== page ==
Today I started the design and build up of the internal trays.
The overall concept is two trays the lower the deepest with central dividers to allow easy removal.
After doing some sketches and trying to determine a practical solution it was back to cutting curved profiles for the fronts.
I wanted to avoid this process and use kerf sawn curved sections, but my inexperience in doing timber 10 to 12mm sections saw me returning to cutting the fronts on the bandsaw.
I wanted to avoid having to veneer the trays but did not have enough stock to use NG Rosewood all round.
So it will be more veneering of the front and top of the trays at least.
I also was wanting to step back from veneering mainly due to the tearout I was experiencing.
The reason for this is not that it will not happen again but the apparent inability to be able to buy Hot Hide Glue and its associated accessories in Brisbane.
It seems that you can buy the Glue no worries but the brushes glue pot and other components are not available any where.
So my thoughts were to avoid veneering until I can repair any damage reasonably easly rather than have to resort to chiselling out Titebond glue, the glue is great don’t get me wrong, but not if rework is required like veneer chip out.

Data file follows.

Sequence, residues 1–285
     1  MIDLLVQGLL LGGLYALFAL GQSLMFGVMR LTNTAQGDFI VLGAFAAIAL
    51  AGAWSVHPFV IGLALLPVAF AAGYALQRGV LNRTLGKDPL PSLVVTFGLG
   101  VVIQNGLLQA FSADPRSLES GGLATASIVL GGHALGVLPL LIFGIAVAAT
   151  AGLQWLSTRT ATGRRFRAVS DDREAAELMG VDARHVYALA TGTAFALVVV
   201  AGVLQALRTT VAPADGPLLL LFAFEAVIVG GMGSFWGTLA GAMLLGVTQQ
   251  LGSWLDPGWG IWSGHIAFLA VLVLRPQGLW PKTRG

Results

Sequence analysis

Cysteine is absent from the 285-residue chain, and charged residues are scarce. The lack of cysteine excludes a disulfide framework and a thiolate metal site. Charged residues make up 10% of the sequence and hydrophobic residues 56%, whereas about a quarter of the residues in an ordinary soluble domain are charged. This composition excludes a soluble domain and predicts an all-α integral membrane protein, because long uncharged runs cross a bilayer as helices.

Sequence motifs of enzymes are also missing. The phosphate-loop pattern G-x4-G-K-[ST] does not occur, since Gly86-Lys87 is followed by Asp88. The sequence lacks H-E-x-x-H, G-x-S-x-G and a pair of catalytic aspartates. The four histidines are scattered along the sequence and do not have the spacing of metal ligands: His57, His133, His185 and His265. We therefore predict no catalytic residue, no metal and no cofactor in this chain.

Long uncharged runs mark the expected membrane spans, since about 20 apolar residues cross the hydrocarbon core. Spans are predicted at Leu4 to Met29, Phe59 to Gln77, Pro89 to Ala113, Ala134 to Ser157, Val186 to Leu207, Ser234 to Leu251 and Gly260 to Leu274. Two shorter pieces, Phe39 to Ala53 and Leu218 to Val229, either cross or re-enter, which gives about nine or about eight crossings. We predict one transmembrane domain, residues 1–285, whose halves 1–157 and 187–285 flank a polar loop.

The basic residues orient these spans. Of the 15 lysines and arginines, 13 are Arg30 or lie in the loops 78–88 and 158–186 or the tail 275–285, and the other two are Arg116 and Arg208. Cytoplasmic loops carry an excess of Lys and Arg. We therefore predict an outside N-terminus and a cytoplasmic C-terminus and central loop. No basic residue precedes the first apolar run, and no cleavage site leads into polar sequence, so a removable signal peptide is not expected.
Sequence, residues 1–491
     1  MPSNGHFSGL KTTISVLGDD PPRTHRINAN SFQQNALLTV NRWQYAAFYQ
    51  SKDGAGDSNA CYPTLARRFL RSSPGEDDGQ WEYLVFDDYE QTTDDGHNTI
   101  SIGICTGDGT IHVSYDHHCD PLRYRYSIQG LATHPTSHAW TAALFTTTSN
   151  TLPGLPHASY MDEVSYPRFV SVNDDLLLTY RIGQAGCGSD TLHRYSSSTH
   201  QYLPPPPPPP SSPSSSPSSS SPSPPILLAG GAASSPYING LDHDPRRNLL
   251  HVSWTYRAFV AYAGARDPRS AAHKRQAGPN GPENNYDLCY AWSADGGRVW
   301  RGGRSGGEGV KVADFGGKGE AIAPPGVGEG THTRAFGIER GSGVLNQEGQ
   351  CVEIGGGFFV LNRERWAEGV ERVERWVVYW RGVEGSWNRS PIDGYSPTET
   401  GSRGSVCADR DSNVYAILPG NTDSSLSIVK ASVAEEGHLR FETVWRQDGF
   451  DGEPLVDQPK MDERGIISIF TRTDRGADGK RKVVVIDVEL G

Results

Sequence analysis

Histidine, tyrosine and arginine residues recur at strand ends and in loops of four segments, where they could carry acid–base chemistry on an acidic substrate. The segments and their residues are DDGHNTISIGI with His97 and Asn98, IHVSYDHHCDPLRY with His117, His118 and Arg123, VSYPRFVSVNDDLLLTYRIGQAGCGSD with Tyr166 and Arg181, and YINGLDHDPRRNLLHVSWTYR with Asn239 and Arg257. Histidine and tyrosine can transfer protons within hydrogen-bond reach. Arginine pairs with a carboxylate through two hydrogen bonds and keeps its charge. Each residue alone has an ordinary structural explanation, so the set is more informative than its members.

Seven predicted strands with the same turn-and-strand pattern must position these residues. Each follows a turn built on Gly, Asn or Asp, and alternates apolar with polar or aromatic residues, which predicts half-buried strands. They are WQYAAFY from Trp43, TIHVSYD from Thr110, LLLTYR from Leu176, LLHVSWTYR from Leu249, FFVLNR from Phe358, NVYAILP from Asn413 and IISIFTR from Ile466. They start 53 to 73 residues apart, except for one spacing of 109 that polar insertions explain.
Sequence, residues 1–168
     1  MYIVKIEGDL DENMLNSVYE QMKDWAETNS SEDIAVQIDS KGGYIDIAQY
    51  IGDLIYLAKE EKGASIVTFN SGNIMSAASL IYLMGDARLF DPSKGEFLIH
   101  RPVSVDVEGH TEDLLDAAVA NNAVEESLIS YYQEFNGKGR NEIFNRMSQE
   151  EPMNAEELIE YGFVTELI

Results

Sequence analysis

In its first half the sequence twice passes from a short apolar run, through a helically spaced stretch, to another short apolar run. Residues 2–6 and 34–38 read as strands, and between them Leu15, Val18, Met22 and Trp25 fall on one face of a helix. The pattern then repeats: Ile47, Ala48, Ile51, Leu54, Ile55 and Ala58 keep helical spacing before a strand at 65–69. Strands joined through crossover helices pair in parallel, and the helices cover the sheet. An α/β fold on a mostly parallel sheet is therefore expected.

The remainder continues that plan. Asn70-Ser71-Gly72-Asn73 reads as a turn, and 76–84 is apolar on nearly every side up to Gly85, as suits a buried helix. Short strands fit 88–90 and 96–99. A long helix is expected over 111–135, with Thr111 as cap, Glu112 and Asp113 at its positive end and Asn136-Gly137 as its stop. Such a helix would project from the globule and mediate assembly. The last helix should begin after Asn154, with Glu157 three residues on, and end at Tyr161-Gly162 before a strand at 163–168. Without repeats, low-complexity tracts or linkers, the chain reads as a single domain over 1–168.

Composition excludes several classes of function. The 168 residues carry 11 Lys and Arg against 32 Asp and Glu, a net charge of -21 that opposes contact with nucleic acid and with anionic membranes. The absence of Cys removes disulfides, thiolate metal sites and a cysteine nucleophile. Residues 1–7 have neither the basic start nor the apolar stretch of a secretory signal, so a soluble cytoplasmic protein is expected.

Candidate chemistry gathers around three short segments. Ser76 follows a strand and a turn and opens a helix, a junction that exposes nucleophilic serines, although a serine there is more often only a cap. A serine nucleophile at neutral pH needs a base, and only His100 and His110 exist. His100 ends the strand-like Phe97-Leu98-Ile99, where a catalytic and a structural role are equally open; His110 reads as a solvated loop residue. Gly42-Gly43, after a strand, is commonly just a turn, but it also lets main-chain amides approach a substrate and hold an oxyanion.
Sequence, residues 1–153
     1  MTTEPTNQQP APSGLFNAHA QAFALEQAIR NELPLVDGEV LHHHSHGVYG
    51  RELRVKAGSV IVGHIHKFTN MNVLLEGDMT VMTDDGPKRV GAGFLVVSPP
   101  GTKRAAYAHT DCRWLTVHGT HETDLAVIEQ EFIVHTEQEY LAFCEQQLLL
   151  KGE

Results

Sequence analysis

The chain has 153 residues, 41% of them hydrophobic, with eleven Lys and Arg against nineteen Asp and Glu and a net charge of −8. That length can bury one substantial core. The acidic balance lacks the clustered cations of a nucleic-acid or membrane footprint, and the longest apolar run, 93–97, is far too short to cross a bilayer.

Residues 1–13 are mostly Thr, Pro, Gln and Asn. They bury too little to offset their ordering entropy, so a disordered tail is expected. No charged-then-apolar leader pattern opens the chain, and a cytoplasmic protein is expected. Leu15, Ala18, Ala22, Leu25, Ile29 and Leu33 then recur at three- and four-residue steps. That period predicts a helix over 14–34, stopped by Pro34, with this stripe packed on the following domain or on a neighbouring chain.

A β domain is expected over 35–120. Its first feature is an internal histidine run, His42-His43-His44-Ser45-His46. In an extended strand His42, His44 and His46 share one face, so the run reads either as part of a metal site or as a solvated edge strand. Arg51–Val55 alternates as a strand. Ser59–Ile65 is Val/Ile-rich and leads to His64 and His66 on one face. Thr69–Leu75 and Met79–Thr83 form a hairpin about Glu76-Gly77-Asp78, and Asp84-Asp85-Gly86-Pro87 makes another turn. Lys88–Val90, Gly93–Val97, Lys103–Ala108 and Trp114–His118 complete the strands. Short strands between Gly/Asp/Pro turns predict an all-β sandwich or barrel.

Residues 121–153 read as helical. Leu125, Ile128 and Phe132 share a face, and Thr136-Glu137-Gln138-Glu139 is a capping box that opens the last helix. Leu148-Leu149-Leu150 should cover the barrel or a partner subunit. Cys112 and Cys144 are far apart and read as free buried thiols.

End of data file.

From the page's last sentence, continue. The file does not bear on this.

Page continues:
Anyway back to the tray work.
I screwed together enough jointed stock to do both trays, and then cut the first profile on the band saw using my cardboard profiles.
Once I made the first cut I realised it would be best to sand both together before separating,
So an additional oscillating sander step occurred before both were then cut out as individual fronts.
It was then on to determining the grain layout for the NG rosewood I wanted to use on the sides and back.
Enough prattle here are the results in a reasonable sequence.
The front stock jointed and ready to cut
The first cut completed.
The NGR Frame work layout.
The grain layout was my primary concern so I laid out the tray to allow the grain to run continuously from the front side to the back and complementary side.
Now cutting rebates on curved timber was another brain teaser for me.
How I did it was a fairly simple solution, I used my drop saw with a preset depth and a backing board as a guide.
Next process will be dovetailing the back to the sides and then matching the sides to the front section for fit .
I am thinking rebated butt joints. Lets see what evolves!!
-- Regards Robert